Rangiriri grave

Rangiriri grave

Rangiriri Historic Cemetery contains the graves of imperial soldiers. Most of these are unnamed, but the men are commemorated by central monuments. It also has an unmarked communal grave of Māori who were killed.

See image of the cemetery in 1864, including the original marker for Edward Lauchlan's grave.

Community contributions

4 comments have been posted about Rangiriri grave

What do you know?

Dave Sandford

Posted: 09 May 2018

I have recently moved into the Rangariri area and naturally began to research its troubled past.
The historical local Maori I have meet are very forgiving and humble. Their recollections of the past are graciously told with no remorse especially when discussing the injustice of the white truce flag and Maori bodies buried in a undignified manner at the local memorial grave. I am as a pakeha honoured to know that I live in a community of people with such tolerance and fortitude.
In this spirit of love and appreciation of this battles sacrifice I hope we begin to remember our true birth as a nation.


Posted: 18 May 2011

Hi Kimberley
Can I also add to Jamie's comments that it is really encouraging to hear that student's such as yourself are looking at this important part of our history.
I think looking at our contribution to and participation in overseas war is generally easier for the general public to digest. The New Zealand wars force us to look at our own backyard and to examine events and issues that because they are close to home for some are too close to home if you get what I mean. Questions are raised about us as people and how we relate to each other that are tougher to deal with than events overseas often involving people that we are perhaps not so familiar with. If we accept some interpretations of these wars as our own civil war then it can simply become too uncomfortable. These wars mess with the notion that the Treaty of Waitangi contributed to the peaceful colonisation of this country and a somewhat simplistic view some have of nineteenth century race relations. Gallipoli by being 'over there' is easier to promote in terms of heroes and villains and the associated mythology.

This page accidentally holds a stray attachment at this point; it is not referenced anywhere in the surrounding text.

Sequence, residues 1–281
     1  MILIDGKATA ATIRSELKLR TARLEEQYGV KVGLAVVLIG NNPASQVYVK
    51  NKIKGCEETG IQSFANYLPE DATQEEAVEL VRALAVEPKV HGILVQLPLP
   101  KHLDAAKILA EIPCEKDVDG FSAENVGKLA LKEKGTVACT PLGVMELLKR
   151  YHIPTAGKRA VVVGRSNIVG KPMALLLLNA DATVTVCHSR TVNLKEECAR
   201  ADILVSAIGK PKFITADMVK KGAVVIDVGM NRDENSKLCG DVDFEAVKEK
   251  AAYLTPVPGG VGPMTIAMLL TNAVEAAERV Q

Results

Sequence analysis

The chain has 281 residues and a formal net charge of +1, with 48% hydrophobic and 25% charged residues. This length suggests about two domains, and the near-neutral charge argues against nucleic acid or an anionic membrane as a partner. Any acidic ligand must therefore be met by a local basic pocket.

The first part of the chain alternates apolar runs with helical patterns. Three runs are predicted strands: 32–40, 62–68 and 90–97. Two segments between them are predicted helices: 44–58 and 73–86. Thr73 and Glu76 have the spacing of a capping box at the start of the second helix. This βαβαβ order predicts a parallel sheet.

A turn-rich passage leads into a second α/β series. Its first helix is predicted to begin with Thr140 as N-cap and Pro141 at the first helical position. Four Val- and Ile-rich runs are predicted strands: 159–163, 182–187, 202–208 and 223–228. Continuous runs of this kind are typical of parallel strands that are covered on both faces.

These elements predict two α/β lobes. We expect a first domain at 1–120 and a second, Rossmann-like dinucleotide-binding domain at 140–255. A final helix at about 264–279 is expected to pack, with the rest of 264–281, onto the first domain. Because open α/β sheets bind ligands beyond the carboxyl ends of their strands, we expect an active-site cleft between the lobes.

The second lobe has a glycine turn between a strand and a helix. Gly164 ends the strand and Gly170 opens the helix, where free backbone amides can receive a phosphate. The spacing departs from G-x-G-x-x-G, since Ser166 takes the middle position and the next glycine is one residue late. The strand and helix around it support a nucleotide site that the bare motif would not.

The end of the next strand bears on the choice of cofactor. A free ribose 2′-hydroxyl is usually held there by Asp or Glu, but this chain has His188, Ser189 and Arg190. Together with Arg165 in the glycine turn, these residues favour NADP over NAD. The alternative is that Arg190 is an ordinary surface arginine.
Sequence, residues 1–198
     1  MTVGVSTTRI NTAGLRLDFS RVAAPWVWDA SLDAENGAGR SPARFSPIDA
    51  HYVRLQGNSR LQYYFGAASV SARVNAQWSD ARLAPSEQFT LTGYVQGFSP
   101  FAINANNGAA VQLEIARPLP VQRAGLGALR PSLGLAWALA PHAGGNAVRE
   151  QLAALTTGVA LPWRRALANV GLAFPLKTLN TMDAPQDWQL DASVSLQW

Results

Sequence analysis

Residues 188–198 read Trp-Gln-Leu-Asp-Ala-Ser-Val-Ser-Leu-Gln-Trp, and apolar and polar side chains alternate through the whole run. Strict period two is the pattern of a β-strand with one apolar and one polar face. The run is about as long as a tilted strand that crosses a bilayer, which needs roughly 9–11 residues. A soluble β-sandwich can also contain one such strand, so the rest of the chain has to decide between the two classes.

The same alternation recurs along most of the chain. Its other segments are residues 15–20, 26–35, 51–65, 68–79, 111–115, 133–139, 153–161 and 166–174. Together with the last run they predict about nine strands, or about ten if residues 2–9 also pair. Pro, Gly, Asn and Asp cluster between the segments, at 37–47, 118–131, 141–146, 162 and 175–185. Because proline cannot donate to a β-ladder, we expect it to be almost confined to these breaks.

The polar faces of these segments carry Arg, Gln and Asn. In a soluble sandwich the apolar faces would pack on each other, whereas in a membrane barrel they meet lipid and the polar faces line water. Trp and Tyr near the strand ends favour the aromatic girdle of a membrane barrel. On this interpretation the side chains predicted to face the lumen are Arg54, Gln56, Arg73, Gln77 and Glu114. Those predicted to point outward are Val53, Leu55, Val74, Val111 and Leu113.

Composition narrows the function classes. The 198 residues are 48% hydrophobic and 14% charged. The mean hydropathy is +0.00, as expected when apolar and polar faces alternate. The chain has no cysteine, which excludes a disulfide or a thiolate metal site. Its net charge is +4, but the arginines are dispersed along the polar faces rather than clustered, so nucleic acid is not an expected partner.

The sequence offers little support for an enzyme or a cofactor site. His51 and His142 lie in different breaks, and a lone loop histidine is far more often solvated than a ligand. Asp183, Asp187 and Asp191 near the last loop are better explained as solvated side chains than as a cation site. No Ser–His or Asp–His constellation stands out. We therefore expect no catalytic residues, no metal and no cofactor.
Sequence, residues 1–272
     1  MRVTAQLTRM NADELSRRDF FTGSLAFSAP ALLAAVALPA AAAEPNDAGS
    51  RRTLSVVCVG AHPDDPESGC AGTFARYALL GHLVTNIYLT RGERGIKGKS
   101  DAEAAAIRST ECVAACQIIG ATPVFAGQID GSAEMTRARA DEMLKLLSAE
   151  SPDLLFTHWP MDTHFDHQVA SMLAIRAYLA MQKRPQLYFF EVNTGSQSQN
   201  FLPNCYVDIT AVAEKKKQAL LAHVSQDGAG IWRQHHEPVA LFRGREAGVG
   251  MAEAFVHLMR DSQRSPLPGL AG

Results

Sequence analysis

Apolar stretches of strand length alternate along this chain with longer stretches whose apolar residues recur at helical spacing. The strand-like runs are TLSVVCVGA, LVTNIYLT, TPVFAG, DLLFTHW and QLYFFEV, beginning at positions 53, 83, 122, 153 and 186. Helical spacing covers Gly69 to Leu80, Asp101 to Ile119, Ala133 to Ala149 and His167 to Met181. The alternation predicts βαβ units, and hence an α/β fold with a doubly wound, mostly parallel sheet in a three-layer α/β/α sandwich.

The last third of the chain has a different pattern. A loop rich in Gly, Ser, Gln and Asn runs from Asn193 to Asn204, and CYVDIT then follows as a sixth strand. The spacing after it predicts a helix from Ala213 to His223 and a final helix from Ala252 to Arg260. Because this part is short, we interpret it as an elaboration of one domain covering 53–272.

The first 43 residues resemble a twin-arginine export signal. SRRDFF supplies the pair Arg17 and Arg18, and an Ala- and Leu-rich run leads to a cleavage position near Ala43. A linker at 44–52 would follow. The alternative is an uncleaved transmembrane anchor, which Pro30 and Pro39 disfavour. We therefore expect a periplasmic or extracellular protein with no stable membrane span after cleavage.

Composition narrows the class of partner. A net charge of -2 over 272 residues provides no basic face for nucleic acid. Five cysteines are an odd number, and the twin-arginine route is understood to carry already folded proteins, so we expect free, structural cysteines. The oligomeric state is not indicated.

Obviously the more we talk about, teach and discuss events such as Rangiriri the greater chance that some of these perceptions might change. At the end of the day a lot of people simply know nothing about these events. Most speed past Rangiriri on State Highway 1 and don't even know what it is they are driving past. Our work on the 19th century wars is designed to provide more information on these issues so that more can begin to have these conversations.
A letter to your local Waikato Times could be one place to start.
Equally we could ask why Gallipoli continues to overshadow our experiences on the Western Front...
Regards Steve Watters


Posted: 17 May 2011

Hi Kimberley - great to see NZ Wars material being used for year 13.
Since we added this image we have published a whole lot more information about Rangiriri which you can find here. Regards, Jamie Mackay

Kimberley Hassall

Posted: 16 May 2011

Hi, im currently researching the commemoration of New Zealand war sites, imparticular Rangiriri, 1) why is Rangiriri remembered as one of New zealands most significant battle sites? 2) What are the different attitudes people think about the commemoration of Rangiriri? 3) If it is one of New Zealands most significant battles, then why is iit not widely known to everyday New Zealanders, compared to events such as ANZAC Day for example. What do you think we can do about this?? regars Kimberley Hassall year 13. Hillcrest High School Hamilton :)